The prevalence pattern of hydatid disease (echinococcosis) in Israel has changed during the past 40 years. Until 1948 it was mainly common in the non-Jewish community; after 1948 its prevalence was high in Jews who immigrated to Israel from Arab countries; and since 1967 endemicity has gradually increased in some rural and semirural Arab and Druze communities. Of 224 surgically-confirmed cases of hydatid disease from these communities during 1960-1989, 52 were from Yirka, a Druze community with a population of 8200. In that town 8% of 63 dogs tested after an arecoline purge and 10% of 255 sheep at the local abattoir were found to be infected. Randomized serosurvey of 758 inhabitants indicated a 1.6% cumulative percentage of hydatid infections, leading to an extrapolated rate of 1583/100,000. Yirka thus is one of the most highly endemic areas for hydatid disease in the world.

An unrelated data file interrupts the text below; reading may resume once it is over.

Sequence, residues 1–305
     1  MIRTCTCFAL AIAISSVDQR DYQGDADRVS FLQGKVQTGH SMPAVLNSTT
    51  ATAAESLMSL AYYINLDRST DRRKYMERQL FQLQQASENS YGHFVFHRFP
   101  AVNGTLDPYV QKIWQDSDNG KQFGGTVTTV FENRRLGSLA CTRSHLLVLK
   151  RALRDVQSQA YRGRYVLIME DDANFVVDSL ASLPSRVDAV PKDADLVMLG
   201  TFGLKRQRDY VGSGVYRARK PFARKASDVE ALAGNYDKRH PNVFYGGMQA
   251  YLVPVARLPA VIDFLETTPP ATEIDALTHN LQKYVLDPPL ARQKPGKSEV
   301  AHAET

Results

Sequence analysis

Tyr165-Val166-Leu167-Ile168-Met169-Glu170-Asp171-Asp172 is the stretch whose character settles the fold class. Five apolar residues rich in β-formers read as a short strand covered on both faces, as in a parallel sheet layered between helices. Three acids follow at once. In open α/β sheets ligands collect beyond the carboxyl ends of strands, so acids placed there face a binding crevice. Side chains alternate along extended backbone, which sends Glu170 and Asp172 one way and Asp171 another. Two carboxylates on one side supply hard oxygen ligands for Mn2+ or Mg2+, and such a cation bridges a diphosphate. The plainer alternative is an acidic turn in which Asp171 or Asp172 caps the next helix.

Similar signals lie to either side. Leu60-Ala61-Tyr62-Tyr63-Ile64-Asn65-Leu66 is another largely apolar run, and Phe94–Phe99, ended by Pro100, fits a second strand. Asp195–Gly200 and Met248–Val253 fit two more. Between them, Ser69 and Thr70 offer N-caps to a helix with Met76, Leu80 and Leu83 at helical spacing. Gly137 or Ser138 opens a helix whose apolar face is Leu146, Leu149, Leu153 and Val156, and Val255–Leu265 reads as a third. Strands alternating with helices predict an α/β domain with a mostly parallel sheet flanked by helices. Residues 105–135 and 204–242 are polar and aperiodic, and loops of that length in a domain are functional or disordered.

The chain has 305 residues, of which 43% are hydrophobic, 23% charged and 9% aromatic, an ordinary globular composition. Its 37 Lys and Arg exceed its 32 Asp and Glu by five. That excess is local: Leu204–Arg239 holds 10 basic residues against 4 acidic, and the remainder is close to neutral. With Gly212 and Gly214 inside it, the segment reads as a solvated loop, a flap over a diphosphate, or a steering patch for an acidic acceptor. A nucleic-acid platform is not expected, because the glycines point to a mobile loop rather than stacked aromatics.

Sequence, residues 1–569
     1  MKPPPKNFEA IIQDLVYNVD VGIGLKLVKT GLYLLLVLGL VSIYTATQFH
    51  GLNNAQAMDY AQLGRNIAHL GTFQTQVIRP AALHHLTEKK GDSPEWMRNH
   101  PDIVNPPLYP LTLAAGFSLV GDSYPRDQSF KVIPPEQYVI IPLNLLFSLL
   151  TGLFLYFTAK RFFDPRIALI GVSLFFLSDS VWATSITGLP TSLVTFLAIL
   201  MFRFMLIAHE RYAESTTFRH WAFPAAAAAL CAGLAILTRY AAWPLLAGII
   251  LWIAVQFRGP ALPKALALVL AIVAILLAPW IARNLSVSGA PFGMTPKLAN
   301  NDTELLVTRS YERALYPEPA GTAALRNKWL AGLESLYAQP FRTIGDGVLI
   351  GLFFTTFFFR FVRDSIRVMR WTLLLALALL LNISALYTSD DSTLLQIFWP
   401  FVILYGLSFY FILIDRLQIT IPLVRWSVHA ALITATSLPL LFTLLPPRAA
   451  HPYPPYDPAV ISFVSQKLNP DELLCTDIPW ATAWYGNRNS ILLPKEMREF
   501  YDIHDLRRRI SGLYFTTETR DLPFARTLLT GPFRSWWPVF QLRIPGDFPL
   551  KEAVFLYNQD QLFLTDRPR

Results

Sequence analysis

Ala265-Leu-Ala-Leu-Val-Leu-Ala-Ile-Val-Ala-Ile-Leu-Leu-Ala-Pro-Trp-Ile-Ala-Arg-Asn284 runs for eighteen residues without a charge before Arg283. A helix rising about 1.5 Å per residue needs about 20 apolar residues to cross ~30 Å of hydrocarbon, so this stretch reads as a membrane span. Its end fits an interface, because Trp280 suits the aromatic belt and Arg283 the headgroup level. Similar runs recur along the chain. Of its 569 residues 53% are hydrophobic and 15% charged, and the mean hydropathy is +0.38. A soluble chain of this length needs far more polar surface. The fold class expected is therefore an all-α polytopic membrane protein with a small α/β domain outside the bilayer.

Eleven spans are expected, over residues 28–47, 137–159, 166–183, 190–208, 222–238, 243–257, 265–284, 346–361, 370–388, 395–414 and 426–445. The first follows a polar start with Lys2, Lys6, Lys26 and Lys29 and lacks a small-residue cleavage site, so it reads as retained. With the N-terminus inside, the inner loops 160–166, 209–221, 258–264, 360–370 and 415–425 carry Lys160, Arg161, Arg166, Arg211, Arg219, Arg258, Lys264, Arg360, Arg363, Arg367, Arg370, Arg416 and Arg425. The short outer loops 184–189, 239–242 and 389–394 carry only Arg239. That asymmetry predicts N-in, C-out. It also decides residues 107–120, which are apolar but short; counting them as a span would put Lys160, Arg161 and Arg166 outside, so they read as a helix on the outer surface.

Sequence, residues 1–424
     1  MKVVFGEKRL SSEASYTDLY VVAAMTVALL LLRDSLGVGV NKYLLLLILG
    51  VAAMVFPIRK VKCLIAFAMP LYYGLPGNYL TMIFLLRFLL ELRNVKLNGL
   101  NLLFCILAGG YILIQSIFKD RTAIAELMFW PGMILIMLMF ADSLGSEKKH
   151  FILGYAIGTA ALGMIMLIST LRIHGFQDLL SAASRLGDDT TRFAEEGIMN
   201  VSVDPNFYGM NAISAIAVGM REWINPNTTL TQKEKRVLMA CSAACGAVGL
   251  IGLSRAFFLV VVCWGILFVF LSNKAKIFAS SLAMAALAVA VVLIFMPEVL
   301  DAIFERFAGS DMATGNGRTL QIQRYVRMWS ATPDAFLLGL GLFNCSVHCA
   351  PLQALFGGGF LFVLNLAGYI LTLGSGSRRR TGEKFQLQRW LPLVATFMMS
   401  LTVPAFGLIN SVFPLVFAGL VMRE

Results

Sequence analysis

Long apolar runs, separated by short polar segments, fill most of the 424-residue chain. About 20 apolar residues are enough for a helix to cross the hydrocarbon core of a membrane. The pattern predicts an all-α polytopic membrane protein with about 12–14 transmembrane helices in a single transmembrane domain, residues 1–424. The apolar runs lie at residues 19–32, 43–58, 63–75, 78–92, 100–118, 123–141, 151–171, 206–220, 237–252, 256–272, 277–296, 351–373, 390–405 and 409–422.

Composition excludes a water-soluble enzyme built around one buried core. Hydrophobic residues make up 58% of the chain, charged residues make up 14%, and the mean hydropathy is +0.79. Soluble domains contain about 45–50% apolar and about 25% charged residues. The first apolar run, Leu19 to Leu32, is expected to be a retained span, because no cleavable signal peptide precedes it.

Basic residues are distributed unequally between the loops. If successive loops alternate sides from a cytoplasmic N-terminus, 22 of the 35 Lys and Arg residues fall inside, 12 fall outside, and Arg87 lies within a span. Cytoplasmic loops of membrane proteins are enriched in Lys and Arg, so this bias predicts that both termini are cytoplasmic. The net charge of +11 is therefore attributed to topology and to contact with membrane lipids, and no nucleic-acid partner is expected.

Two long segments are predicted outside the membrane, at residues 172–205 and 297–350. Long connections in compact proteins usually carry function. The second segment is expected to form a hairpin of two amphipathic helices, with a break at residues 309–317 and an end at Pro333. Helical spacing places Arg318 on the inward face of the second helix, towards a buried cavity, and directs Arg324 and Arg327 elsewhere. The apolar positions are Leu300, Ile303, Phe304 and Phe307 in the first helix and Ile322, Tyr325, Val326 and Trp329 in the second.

|Pages (from-to)||529-534, 600|
|State||Published - 1 Jan 1993|
ASJC Scopus subject areas
- Medicine (all)